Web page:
It’s a landlord’s market, according to Domain’s latest Vacancy Rate Report, which showed the national rental vacancy rate at a multi-year low for the second consecutive month.
November recorded national vacancy rates of 1.5 per cent, and showed rental prices were expected to increase with the opening of international borders bringing in a wave of new renters, according to the report.
Vacancy rates continue to remain tight in all capital cities, except for Melbourne, compared to the April 2020 COVID-19 induced peak.
This is a significant turnaround considering the exposure Melbourne has to international students and overseas migrants as a source of rental demand, the report said.
The easing of the latest lockdown and the ability to conduct onsite rental inspections has seen the city’s vacancy rate fall to 3 per cent, the third consecutive month of decline.
Although rates remain elevated, they are gradually decreasing from the August high of 3.6 per cent. This downward trend, coupled with a 4.2 per cent month-on-month fall in rental listings, could see Melbourne’s rental market eventually become a landlord’s one, particularly as international borders reopen.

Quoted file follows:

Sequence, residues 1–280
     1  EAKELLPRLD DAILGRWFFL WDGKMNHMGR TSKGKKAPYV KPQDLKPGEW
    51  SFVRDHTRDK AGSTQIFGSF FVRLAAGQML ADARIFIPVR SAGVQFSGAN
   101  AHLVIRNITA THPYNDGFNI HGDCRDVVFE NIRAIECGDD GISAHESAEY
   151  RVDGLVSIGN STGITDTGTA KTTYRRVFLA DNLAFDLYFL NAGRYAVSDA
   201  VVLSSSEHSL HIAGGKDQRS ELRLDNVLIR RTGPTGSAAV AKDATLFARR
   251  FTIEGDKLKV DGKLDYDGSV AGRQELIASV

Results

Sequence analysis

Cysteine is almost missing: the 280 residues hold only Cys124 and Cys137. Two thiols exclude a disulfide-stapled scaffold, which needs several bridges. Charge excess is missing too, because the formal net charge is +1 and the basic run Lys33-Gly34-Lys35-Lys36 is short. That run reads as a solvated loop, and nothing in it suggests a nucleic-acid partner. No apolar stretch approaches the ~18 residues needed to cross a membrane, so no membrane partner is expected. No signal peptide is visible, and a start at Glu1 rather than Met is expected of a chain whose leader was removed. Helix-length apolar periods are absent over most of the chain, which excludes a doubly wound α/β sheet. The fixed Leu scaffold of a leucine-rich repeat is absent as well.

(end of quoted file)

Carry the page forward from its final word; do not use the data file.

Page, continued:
In Sydney, vacancy rates increased slightly to 2.3 per cent in November after falling the previous month. Aside from October, it is the lowest level since September 2018.
Sydney’s vacancy rate is lower than the vacancy rate recorded in March 2020, the month before the COVID-19 pandemic resulted in a bounce in the vacancy rate to 3.8 per cent.
Following last month’s dip, Canberra saw a marginal increase in its vacancy rates to 0.9 per cent over November, remaining higher than before the lockdown in July. There was a jump in the number of vacant rental listings over the month, likely reflecting the city’s emergence from lockdown. It still remains a landlords’ market.
In other cities, including Perth (at 0.5 per cent), Hobart (at 0.3 per cent), Adelaide (at 0.4 per cent) and Brisbane (at 1.2 per cent), vacancy rates are at multi-year lows, while Canberra (at 0.9 per cent) and Darwin (0.9 per cent) remain closer to reaching multi-year lows.
The report showed Adelaide’s vacancy rates are at their lowest point since Domain records began in 2017.
As the country opened up with the first month of eased restrictions following the latest lockdown, and as economic conditions improved, there would be further downward pressure on the national vacancy rate leading to potential rent increases, the report said.
“The positive outlook of reaching vaccination targets, increased job security and the opening of both domestic and international travel will benefit both renters and landlords.”